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Which Artist Would You Love To Work Beside In Their Studio For One Week? Who And Why? | July 17, 2013

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#1 lorielle

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Posted 17 July 2013 - 02:25 PM

Which artist would you love to work beside in their studio for one week? Who and why? Add a photo and/or a web link!  I actually have two people I would love to work with:  Beatrice Wood, for her expertise, her stories and to learn how to grow old gracefully.  My other choice would be David Shaner, for his skill, expertise, and to learn how to make work that touches others as much as his touches me.


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#2 jrgpots

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Posted 17 July 2013 - 11:44 PM

I'm not good enough yet to benefit from such an instructor. It would be like a "duffer" receiving the best golf clubs available. It would not make much of difference yet. But ask me in 5 years.

#3 Marcia Selsor

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Posted 18 July 2013 - 08:39 PM

oh. The title before it completely opened was " which artist would you love"?

Miguel Molet. He lives in Catalunya, one of my favorite parts of the world. I enjoy his exploration and classes 

where the group explore new ideas together. He has a great community he is working with.

 

Marcia



#4 Karen B

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Posted 19 July 2013 - 10:14 AM

Jeremy Randall. His beautiful work is so different. I was lucky enough to take a 3 day workshop with him in the spring, but would love to work for a week with him as he is so efficient in his methods and has a lot to offer.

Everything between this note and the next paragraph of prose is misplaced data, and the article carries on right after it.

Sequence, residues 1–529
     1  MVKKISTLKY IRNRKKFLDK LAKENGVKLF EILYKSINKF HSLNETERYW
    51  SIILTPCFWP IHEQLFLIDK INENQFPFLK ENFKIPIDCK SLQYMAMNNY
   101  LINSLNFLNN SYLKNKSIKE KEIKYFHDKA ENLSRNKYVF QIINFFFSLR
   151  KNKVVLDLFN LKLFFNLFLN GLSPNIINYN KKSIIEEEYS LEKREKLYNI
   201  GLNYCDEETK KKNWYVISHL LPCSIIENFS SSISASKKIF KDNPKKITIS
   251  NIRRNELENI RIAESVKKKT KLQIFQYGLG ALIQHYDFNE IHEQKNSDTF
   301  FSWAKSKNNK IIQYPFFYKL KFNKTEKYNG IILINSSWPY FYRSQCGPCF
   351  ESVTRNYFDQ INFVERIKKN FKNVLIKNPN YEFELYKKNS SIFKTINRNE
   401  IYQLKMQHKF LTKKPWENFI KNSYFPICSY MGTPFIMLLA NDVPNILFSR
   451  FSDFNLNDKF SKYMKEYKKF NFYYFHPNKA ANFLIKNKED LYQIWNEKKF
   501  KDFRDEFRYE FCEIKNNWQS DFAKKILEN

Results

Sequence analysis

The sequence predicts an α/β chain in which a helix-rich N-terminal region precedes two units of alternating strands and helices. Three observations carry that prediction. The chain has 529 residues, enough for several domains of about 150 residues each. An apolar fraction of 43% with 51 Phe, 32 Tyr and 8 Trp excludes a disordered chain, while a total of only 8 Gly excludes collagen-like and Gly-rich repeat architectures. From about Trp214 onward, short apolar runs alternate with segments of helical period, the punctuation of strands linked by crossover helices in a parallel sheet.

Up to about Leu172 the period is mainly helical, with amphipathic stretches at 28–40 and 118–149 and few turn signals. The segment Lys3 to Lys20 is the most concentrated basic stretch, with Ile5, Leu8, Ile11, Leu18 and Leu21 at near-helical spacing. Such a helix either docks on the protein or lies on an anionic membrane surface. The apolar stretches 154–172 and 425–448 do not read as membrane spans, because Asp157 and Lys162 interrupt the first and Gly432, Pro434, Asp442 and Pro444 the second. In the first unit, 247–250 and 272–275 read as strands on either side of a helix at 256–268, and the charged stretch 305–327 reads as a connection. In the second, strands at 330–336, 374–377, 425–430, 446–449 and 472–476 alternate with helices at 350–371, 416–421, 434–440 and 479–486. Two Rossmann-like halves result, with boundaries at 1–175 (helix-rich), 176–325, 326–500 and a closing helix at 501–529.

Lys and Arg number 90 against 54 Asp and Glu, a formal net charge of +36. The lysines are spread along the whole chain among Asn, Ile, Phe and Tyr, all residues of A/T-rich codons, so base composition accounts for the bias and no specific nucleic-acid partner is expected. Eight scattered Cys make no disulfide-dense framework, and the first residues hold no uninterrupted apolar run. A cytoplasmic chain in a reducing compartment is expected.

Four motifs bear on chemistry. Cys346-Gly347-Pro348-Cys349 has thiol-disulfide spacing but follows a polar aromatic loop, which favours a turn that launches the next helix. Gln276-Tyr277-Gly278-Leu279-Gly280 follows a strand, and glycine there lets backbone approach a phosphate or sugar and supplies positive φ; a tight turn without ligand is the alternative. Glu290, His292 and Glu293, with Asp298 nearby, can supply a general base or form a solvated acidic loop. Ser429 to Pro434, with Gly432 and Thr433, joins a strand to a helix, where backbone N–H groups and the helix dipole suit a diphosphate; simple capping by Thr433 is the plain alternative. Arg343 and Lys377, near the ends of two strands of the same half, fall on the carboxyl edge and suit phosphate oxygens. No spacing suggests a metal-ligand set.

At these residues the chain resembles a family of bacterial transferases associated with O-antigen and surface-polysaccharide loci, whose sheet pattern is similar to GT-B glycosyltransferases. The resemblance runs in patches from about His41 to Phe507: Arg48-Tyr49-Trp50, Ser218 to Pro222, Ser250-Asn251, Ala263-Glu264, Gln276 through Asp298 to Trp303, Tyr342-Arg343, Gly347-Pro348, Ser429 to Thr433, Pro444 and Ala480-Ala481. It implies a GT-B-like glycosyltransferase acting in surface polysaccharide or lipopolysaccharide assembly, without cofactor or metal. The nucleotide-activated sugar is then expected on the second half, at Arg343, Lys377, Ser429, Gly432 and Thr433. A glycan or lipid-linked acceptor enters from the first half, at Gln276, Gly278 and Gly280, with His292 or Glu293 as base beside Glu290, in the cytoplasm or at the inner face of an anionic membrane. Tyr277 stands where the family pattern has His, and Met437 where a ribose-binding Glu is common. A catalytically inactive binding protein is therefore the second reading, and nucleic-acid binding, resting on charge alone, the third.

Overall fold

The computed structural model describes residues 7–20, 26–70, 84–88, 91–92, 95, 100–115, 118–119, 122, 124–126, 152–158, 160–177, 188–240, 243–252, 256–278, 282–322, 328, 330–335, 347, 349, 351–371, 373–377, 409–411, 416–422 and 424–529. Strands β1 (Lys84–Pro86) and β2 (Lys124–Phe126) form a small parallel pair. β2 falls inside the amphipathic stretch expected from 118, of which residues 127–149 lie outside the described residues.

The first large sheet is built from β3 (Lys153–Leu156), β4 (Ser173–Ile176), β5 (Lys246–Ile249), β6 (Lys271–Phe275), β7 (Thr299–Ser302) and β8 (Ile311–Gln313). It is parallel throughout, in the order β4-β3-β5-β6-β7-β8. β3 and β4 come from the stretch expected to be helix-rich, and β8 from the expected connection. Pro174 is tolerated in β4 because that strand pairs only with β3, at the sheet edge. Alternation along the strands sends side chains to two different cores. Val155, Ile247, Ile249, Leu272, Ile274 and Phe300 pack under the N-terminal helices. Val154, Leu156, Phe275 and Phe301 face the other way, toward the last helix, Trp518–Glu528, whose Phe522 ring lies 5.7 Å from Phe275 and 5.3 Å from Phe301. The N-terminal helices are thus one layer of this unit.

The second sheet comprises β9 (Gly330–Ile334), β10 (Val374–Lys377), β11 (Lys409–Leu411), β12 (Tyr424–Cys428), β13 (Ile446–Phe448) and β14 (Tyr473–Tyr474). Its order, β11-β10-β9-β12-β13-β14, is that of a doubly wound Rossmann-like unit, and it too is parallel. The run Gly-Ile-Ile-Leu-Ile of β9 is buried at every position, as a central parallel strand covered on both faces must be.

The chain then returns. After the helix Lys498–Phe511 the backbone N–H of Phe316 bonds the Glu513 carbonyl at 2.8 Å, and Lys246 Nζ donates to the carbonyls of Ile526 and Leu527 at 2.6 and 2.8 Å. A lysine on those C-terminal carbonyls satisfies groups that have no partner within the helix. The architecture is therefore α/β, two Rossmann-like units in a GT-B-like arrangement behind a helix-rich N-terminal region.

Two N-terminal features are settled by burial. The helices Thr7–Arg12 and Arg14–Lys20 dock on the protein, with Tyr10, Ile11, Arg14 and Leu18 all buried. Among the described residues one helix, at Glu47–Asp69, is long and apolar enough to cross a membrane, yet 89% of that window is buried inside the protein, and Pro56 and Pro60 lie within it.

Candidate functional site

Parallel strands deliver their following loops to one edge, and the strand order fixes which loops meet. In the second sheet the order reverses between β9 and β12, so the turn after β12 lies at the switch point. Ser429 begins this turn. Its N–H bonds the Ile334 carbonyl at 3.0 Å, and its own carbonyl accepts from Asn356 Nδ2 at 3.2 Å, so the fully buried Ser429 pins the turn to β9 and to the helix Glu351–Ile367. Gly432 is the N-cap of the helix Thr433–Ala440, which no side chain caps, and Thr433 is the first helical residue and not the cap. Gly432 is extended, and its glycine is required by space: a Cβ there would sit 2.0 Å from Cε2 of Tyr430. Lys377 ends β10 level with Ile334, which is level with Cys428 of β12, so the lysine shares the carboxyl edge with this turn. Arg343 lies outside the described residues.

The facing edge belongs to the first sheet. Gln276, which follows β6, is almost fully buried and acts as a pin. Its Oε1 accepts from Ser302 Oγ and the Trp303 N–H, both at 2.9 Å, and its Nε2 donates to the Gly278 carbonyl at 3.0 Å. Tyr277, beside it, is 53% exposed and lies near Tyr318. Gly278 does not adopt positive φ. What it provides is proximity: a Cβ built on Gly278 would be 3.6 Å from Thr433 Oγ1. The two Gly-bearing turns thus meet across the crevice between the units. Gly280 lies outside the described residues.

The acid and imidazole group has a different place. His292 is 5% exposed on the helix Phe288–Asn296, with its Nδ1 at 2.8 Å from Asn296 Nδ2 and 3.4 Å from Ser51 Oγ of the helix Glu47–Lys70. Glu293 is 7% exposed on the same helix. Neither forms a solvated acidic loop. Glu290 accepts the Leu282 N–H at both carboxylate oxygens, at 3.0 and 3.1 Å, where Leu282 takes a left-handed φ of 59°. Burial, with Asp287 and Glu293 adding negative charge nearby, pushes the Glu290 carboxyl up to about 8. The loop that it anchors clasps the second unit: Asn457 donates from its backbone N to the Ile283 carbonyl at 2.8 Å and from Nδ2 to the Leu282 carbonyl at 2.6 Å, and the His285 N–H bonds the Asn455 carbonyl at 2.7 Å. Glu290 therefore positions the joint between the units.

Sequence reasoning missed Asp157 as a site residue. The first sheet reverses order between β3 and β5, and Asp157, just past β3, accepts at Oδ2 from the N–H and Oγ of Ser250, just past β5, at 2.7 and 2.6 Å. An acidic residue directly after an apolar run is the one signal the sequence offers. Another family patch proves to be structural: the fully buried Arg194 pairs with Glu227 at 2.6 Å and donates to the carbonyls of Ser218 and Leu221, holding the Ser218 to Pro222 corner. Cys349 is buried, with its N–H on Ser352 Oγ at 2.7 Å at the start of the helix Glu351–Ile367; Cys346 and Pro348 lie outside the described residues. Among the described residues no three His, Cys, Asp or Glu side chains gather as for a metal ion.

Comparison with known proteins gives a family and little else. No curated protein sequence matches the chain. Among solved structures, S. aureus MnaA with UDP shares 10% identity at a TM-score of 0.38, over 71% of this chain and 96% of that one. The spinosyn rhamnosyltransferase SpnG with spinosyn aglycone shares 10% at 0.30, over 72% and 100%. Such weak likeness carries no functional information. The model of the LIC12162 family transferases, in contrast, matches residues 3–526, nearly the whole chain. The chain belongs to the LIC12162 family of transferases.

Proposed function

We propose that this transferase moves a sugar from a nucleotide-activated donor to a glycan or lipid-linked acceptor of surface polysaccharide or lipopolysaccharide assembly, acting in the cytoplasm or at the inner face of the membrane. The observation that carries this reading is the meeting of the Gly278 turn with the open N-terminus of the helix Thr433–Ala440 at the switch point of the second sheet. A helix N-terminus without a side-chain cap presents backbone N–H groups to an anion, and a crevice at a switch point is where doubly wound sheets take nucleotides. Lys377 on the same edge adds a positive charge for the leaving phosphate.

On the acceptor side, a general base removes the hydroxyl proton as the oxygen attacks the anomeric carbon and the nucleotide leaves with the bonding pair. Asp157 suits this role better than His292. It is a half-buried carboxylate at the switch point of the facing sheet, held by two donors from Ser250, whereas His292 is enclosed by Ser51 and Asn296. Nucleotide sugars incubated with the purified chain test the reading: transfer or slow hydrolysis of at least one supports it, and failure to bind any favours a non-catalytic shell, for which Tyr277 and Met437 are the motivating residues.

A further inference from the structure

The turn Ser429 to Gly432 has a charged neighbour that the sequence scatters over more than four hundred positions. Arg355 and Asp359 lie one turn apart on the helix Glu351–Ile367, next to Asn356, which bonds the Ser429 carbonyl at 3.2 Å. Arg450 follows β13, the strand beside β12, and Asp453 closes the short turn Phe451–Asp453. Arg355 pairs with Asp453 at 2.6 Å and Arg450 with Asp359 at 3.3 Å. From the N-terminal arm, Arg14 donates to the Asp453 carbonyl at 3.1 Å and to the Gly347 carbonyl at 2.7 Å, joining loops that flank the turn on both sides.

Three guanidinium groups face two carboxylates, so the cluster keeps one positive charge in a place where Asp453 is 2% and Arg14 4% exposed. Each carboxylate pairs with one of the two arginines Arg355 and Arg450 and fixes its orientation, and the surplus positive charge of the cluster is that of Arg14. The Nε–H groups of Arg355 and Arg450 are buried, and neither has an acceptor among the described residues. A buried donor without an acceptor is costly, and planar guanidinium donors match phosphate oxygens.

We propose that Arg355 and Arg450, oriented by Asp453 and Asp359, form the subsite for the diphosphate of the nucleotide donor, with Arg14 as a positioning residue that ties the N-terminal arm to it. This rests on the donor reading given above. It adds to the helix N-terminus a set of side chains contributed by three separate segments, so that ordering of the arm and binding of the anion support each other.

#5 oldlady

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Posted 22 July 2013 - 09:51 AM

I'm not good enough yet to benefit from such an instructor. It would be like a "duffer" receiving the best golf clubs available. It would not make much of difference yet. But ask me in 5 years.

 

actually, if you did nothing more than silently  walk around the studio of an experienced potter with your EYES and your BRAIN open, you would learn more than asking 500 questions here.  that is why anyone new should take advantage of any "open studio" visits in your area.


"putting you down does not raise me up."

#6 splicequeen

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Posted 23 July 2013 - 03:56 PM

Allegheny Meadows. Love the sets!

#7 Mark C.

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Posted 29 July 2013 - 01:44 AM

If I could turn back the clock and spend a week in Hamada's studio back in the day absorbing .That would be just fine

Mark


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#8 Evelyne Schoenmann

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Posted 29 July 2013 - 11:16 AM

I would choose Ellen Shankin (to learn more interesting throwing/altering forms) and maybe, in autumn 2014, I will be lucky enough to participate in a workshop in Tuscany with her. Cross fingers!

 

Evelyne


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#9 JLowes

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Posted 07 August 2013 - 09:30 AM

Michael Sherrill.  I love his work, but his tools are intriguing to me.  He makes what he needs and finds materials to make them from that make them better than any other manufacturers.  I guess I am a tool man and a do it yourselfer, as is Michael.  I am guessing he could really teach me how to use my extruder in mind blowing ways.



#10 JustaWhittle

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Posted 07 August 2013 - 11:57 AM

I have LOVED Meira Mathison's work for some time and would adore the opportunity to see her work!  If I lived on the other side of the country I would have definitely tried to get in on one of her workshops by now!



#11 OffCenter

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Posted 07 August 2013 - 07:31 PM